For many years, Foster Group has approached asset allocation using an analysis we call our Lifeboat Drill. Setting a proper mix of growth assets like stocks or real estate, and preservation assets like bonds, begins with understanding our clients’ future cash flow needs. –
First, we explore the minimum return rate you must earn on your portfolio assets to meet all of your anticipated future cash flow needs. Quantifying this return allows us to determine the minimum amount of growth assets you will need.
Next, we focus on the minimum amount of preservation assets you need. Growth assets are wonderful tools for generating long-term returns, but to capture these returns, investors must be able to remain invested through some difficult market downturns. Preservation assets like bonds help buffer these shorter-term gyrations. We use preservation assets to build a Lifeboat “liquidity cushion” for our clients, to ensure they are not forced to sell growth assets during depressed markets. The Lifeboat is measured in terms of the number of years of liquidity cushion we desire.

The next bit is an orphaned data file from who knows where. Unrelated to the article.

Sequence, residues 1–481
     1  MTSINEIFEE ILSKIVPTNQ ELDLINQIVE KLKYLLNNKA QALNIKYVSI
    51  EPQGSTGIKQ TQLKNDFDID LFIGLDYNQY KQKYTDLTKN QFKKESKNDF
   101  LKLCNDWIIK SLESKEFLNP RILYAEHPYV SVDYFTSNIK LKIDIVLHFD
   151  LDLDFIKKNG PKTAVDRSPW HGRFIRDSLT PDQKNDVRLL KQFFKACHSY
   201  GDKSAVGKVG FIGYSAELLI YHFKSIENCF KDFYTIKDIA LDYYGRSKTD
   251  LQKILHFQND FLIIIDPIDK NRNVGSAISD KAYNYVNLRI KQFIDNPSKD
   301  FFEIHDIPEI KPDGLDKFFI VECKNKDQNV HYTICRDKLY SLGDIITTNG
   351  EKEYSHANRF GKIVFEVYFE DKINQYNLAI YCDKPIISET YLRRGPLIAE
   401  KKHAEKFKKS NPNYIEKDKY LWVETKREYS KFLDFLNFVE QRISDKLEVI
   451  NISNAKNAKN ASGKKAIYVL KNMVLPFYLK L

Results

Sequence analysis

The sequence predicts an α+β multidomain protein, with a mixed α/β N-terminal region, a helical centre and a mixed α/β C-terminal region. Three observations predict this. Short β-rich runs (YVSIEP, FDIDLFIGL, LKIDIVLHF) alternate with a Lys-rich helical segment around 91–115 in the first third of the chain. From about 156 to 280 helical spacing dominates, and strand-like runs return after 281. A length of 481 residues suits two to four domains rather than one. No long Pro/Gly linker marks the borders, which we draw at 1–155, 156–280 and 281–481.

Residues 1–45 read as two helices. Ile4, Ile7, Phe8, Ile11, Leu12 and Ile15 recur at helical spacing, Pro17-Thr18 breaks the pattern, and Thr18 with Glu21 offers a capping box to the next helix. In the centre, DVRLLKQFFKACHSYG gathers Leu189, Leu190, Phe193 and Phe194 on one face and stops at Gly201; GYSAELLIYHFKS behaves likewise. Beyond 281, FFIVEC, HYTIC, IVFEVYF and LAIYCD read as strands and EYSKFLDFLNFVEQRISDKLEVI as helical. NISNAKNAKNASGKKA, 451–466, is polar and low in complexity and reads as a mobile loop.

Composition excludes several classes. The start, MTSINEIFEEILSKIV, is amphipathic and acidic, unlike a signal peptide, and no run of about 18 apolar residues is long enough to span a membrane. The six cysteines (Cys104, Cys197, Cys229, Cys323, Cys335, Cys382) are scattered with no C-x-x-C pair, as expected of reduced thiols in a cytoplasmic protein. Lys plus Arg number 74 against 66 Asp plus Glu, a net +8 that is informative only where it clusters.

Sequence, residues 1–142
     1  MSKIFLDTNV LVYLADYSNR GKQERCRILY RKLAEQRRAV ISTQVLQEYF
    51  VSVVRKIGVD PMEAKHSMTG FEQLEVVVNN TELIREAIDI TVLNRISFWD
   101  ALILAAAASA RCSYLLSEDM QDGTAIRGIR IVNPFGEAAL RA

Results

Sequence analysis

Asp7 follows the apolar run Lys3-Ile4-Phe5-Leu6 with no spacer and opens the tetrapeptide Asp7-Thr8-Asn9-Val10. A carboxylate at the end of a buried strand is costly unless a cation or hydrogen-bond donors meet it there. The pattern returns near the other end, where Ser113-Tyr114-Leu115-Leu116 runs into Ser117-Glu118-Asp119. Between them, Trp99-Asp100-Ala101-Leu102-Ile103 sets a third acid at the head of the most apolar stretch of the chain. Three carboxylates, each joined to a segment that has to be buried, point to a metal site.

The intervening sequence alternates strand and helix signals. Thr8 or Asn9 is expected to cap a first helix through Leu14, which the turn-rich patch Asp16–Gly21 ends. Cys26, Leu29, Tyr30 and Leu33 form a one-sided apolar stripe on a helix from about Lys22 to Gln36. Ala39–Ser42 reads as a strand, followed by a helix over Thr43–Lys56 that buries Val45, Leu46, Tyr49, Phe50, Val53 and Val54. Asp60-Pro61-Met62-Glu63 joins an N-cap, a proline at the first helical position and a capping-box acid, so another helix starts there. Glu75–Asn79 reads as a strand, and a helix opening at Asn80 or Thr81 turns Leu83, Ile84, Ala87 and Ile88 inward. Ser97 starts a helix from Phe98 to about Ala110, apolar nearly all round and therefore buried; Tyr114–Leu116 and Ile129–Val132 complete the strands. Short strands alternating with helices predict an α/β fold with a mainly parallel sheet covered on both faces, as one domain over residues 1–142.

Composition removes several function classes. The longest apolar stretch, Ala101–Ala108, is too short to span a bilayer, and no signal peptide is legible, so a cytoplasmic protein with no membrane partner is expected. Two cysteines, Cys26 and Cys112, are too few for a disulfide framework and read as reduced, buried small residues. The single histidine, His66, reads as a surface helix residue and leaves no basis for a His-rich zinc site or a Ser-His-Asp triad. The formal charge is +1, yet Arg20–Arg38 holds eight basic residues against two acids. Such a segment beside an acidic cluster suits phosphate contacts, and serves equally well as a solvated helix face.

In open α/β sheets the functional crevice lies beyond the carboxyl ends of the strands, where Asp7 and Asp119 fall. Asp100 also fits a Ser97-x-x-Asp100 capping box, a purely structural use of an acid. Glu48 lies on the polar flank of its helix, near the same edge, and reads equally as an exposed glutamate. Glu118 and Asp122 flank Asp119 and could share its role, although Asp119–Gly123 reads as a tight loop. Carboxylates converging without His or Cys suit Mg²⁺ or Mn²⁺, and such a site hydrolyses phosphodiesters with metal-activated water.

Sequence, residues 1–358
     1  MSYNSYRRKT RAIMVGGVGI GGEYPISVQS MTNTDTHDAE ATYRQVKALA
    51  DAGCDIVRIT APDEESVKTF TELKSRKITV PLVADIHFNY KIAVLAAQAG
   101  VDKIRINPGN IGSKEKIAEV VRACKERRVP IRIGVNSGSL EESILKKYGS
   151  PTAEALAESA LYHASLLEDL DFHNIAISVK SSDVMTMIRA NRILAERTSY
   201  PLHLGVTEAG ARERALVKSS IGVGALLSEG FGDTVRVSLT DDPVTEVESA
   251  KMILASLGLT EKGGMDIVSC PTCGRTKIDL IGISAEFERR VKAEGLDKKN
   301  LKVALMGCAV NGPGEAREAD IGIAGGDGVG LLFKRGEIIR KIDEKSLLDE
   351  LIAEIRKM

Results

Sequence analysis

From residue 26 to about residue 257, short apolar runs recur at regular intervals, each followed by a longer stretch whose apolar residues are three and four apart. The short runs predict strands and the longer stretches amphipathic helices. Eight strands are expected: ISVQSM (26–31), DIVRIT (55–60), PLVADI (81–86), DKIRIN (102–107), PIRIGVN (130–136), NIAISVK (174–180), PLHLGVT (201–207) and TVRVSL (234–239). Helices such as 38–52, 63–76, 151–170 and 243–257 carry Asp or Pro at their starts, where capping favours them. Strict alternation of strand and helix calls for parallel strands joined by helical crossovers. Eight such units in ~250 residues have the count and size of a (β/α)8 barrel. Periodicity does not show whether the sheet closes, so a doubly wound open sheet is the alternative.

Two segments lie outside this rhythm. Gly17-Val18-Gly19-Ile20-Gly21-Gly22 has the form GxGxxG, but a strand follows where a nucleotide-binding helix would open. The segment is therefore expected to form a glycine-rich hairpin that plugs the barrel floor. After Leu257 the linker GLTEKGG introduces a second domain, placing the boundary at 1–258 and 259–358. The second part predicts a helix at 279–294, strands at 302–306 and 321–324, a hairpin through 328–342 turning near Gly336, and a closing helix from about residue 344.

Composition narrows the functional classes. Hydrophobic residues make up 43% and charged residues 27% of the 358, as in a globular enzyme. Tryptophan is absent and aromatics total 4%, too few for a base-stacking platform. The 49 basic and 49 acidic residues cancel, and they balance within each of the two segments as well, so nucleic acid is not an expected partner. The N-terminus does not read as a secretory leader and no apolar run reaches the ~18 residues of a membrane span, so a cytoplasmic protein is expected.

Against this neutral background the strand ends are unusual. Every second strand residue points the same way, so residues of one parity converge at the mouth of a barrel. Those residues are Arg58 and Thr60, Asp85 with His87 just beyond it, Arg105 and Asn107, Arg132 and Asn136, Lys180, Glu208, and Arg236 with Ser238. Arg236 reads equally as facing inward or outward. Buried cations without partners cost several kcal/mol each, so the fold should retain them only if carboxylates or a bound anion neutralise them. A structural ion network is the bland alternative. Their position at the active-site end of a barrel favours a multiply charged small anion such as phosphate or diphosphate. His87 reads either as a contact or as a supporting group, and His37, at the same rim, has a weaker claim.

Historically, an eight-year Lifeboat cushion has proven enough to weather all but the very worst stock market correction in US history (the Great Depression). So, we might decide to build a Lifeboat of preservation assets equal to the next eight years of anticipated cash flow needs. If stock and/or real estate markets decline, we should have eight years of liquidity to access while we wait for a recovery.
Setting the minimum amounts of growth and preservation assets helps define a reasonable range of investment mixes that offer our clients a high probability of successfully reaching their financial goals. Additionally, we have found the Lifeboat Drill often leads to remarkable conversations beyond asset allocation, as we focus more on our clients’ hopes, goals, and dreams.
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